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Beth Levine is an investigator at the Howard Hughes Medical Institute (HHMI), Professor of Internal Medicine and Microbiology, Director of the Center for Autophagy Research and Charles Cameron Sprague Distinguished Chair in Biomedical Sciences at the University of Texas Southwestern Medical Center.[1] She specializes in the field of autophagy; more specifically in its regulation and its role in diverse diseases, including cancer and infectious diseases.[2] Levine majored in French Studies at Brown University and completed her M.D. at Cornell University, specializing in internal medicine. She then moved on to study "infectious diseases and the pathogenesis of neurotropic viruses"[2] at Johns Hopkins University. She served as Director of Virology Research at Columbia University from 1994 to 2004, and Director of the Division of Infectious Diseases at the University of Texas Southwestern Medical Center from 2004-2011.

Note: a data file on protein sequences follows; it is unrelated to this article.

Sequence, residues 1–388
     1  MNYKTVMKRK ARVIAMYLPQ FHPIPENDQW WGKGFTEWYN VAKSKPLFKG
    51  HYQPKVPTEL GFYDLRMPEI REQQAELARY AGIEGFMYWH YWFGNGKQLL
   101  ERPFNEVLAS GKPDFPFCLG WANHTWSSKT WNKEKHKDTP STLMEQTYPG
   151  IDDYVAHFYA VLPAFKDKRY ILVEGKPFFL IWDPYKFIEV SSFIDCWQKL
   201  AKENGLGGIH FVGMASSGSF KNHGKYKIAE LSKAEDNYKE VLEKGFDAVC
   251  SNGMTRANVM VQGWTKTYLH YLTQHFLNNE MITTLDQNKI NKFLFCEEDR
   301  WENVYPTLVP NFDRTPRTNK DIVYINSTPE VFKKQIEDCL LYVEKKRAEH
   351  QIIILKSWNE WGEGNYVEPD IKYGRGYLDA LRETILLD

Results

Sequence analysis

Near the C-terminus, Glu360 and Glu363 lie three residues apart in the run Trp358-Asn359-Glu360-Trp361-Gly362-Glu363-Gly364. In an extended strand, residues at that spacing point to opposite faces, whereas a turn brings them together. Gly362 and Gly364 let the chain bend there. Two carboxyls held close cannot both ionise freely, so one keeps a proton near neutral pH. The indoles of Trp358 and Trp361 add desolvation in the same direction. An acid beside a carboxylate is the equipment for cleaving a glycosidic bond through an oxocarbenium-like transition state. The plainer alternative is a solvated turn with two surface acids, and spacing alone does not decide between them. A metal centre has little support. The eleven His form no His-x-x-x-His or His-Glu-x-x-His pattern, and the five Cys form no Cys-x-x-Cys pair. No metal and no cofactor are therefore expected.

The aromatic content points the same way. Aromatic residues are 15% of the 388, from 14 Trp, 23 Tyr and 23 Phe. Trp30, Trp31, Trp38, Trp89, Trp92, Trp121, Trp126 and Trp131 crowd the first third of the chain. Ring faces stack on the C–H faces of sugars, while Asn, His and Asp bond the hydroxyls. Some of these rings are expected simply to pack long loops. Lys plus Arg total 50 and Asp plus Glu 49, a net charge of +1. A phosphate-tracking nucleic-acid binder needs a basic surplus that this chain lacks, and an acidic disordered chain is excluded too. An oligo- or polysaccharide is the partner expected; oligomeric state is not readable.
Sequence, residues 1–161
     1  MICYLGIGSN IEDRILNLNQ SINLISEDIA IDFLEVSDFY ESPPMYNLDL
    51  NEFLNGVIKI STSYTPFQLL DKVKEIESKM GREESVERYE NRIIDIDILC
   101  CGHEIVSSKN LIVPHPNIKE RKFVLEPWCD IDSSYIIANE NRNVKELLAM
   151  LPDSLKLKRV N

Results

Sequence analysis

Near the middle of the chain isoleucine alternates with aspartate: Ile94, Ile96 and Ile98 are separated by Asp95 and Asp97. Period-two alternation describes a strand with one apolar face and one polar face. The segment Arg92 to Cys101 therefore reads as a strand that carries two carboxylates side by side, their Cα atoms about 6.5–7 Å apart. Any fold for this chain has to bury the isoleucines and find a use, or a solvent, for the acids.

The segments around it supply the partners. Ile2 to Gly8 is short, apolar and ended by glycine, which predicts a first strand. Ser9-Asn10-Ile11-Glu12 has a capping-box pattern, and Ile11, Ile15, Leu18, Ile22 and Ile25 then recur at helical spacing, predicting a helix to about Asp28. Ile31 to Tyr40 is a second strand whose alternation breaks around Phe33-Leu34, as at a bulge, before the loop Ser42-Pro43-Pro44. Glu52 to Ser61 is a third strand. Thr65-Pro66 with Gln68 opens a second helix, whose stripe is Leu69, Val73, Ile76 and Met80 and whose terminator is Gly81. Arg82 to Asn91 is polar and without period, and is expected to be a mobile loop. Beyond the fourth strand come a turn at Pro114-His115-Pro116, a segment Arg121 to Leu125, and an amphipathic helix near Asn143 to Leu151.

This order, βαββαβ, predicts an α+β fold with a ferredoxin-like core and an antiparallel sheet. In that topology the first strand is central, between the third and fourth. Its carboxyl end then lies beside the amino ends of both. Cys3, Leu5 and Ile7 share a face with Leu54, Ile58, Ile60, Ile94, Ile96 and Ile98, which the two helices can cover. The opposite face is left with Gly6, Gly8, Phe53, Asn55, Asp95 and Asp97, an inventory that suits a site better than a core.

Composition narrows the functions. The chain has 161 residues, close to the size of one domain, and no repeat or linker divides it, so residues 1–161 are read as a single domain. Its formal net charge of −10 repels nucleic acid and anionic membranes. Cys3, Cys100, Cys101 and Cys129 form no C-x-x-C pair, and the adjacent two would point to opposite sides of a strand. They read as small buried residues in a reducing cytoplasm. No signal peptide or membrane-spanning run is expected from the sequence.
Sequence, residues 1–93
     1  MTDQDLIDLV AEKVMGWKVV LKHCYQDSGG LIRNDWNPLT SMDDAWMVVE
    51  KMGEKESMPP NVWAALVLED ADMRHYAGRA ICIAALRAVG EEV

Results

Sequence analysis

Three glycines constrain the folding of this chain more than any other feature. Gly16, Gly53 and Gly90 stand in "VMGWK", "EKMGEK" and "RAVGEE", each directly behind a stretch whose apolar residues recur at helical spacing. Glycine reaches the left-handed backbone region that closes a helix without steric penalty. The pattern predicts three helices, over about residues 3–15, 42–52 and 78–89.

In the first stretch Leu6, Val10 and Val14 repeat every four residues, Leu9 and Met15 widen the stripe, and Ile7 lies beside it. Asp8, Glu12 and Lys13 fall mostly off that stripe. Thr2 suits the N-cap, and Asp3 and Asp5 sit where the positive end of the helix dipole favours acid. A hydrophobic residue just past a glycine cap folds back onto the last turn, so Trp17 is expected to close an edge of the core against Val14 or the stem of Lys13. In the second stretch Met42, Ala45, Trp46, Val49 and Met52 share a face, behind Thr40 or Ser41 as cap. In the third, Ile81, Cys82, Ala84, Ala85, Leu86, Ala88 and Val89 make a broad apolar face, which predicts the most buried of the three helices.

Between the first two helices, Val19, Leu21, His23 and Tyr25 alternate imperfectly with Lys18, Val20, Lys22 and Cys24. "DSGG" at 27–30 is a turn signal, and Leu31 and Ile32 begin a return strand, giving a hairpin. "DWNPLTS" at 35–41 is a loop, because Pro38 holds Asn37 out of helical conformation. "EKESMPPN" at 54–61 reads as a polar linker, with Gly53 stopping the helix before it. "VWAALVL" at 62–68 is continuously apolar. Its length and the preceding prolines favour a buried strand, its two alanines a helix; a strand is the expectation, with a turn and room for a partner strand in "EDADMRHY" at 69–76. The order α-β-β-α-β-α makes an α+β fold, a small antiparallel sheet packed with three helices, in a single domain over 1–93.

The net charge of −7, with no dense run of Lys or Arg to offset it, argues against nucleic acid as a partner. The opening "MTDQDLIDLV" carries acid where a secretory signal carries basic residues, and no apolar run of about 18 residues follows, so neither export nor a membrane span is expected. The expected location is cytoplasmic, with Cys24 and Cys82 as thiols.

Beth Levine
Alma mater
Scientific career

Her major contributions include the discovery of the mammalian autophagy gene, beclin 1 and its role in tumor suppression, longevity, and antimicrobial host defense.

In 2013, Levine was elected into the National Academy of Sciences.

In 2014, Levine received the ASCI/Stanley J. Korsmeyer Award for her work on autophagy.


  1. ^ "Beth Levine, M.D. - Faculty Profile - UT Southwestern".
  2. ^ a b "Beth Levine, MD -".

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